Country Focus

Licensing Guidelines and Regulations

Country Focus/United Kingdom | Posted 25/05/2011

The main characteristic of the British healthcare system is that nearly all healthcare services are offered by public authorities. The most important healthcare institution is the National Health Service (NHS), which was introduced in 1948 and covers all British residents. It is funded mainly through general taxation together with an element of national insurance contribution (an income based tax payable by employers and employees) and co-payments [1]

Licensing Guidelines and Regulations

Country Focus/Spain | Posted 14/10/2011

Under dictatorship there was a means-tested and centralised healthcare system, rooted in a social security scheme. The Spanish Constitution established the rights of all Spaniards to health care and set out a new regionally-based organisational framework. The National Health Institute was created in 1978 and the Ministry of Health in 1981 [1].

Licensing Guidelines and Regulations

Country Focus/Denmark | Posted 07/12/2011

Denmark has a state-run healthcare system, which has retained the same basic structure since the early 1970s. The administration of hospitals and personnel is dealt with by the Ministry of the Interior, while primary care facilities, health insurance, and community care are the responsibility of the Ministry of Social Affairs [1, 2].

Licensing Guidelines and Regulations

Country Focus/Japan | Posted 27/01/2012

The healthcare system in Japan provides healthcare services including screening examinations, prenatal care and infectious disease control, with the patient accepting responsibility for 30% of these costs while the government pays the remaining 70%.

Licensing Guidelines and Regulations

Country Focus/Portugal | Posted 24/02/2012

First posted: 24 February 2012 

The Portuguese healthcare system is organised as a national health service (Service National de Sáude, SNS), financed through general taxation, which provides health coverage to 75% of the population. The rest of the Portuguese are covered by one of the subsystems, funded mainly by contributions of employers and employees [1].

Licensing Guidelines and Regulations

Country Focus/Austria | Posted 18/04/2012

First posted: 18 April 2012 

The Austrian health insurance system is based on a social insurance system, which includes health, accident, pension as well as unemployment insurance. The underlying law is the Austrian Social Insurance Law (Allgemeines Sozialversicherungsgesetz, ASVG), which was brought into effect in 1955 [1].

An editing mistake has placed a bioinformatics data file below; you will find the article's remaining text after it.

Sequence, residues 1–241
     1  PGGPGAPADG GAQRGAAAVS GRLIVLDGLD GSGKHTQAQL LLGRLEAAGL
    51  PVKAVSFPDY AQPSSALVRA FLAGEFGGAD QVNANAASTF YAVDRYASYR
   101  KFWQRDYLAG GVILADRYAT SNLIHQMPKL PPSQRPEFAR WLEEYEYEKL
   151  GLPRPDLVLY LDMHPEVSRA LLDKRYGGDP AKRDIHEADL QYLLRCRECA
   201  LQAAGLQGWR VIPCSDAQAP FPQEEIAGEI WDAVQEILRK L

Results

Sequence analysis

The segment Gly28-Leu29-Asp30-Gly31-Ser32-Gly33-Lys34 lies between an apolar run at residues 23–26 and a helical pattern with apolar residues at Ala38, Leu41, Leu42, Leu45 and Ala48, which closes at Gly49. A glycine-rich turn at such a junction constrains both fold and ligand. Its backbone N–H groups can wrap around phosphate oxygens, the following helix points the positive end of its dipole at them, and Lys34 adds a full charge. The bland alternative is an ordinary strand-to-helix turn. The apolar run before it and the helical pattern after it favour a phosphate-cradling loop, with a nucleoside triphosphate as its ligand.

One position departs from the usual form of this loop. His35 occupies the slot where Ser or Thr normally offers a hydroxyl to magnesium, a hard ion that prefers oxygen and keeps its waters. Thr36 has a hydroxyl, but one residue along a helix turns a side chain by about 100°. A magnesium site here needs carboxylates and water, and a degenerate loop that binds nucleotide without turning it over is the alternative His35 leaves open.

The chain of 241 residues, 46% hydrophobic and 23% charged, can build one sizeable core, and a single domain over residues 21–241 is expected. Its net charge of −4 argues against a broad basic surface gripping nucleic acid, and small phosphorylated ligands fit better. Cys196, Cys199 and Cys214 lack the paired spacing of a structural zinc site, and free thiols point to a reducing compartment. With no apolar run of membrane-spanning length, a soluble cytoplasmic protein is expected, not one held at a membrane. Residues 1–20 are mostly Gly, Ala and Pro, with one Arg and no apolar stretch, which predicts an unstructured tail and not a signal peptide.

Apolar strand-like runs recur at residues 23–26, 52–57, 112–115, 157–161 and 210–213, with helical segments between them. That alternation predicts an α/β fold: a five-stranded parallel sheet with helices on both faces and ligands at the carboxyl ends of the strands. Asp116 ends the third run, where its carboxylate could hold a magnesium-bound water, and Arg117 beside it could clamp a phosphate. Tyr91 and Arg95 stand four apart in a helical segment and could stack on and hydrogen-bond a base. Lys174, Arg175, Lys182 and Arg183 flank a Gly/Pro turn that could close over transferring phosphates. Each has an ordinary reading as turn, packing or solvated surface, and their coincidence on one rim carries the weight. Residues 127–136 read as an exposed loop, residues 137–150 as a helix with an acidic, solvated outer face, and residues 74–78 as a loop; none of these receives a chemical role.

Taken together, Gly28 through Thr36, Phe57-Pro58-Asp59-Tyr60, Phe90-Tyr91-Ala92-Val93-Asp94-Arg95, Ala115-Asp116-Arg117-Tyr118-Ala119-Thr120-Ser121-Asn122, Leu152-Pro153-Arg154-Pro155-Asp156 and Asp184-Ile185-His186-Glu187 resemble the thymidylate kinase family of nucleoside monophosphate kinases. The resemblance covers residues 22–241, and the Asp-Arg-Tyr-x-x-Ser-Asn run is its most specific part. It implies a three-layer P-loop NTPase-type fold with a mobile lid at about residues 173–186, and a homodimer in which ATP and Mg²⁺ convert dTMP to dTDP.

Licensing Guidelines and Regulations

Country Focus/Italy | Posted 16/05/2012

First posted: 16 May 2012 

Concerning a concept paper on biosimilars published by the Italian Medicines Agency (AIFA), view the following related article:

Italian Medicines Agency publishes concept paper on biosimilars

Italy has a governmental medical service. In 1970, Italy still had approximately 100 different health insurances, which were abolished in 1978. At that time the National Health Service (Servicio Sanitario Nazionale, SSN) was introduced, which covers the entire population [1]. The system is based on the UK NHS model and provides uniform and comprehensive care and delivers the majority of care free of charge [2].

Licensing Guidelines and Regulations

Country Focus/France | Posted 03/08/2012

First posted: 3 August 2012 

The French public health insurance system was implemented in 1945. It is divided into three main schemes:

Licensing Guidelines and Regulations

Country Focus/China | Posted 09/11/2012

First posted: 9 November 2012 

Concerning biosimilars in China, view the articles: 

Chinese guidelines for biosimilars

China releases draft biosimilars guidance

Strategy for biosimilars in China

According to the Chinese Ministry of Health, by the end of October 2010, the three public health insurance schemes covered 1,233 million Chinese citizens, accounting for more than 90% of the total population [1].

Licensing Guidelines and Regulations

Country Focus/Germany | Posted 30/09/2013

First posted: 30 September 2013 

The German healthcare system is characterised by a predominance of mandatory Social Health Insurance (SHI) with multiple competing sickness funds and a private/public mix of providers (Bismarck model). In 2005, about 85.4% of the population were covered by comprehensive SHI. This is complemented by three co-existing schemes: private health insurance and two specific governmental schemes for civil servants [1].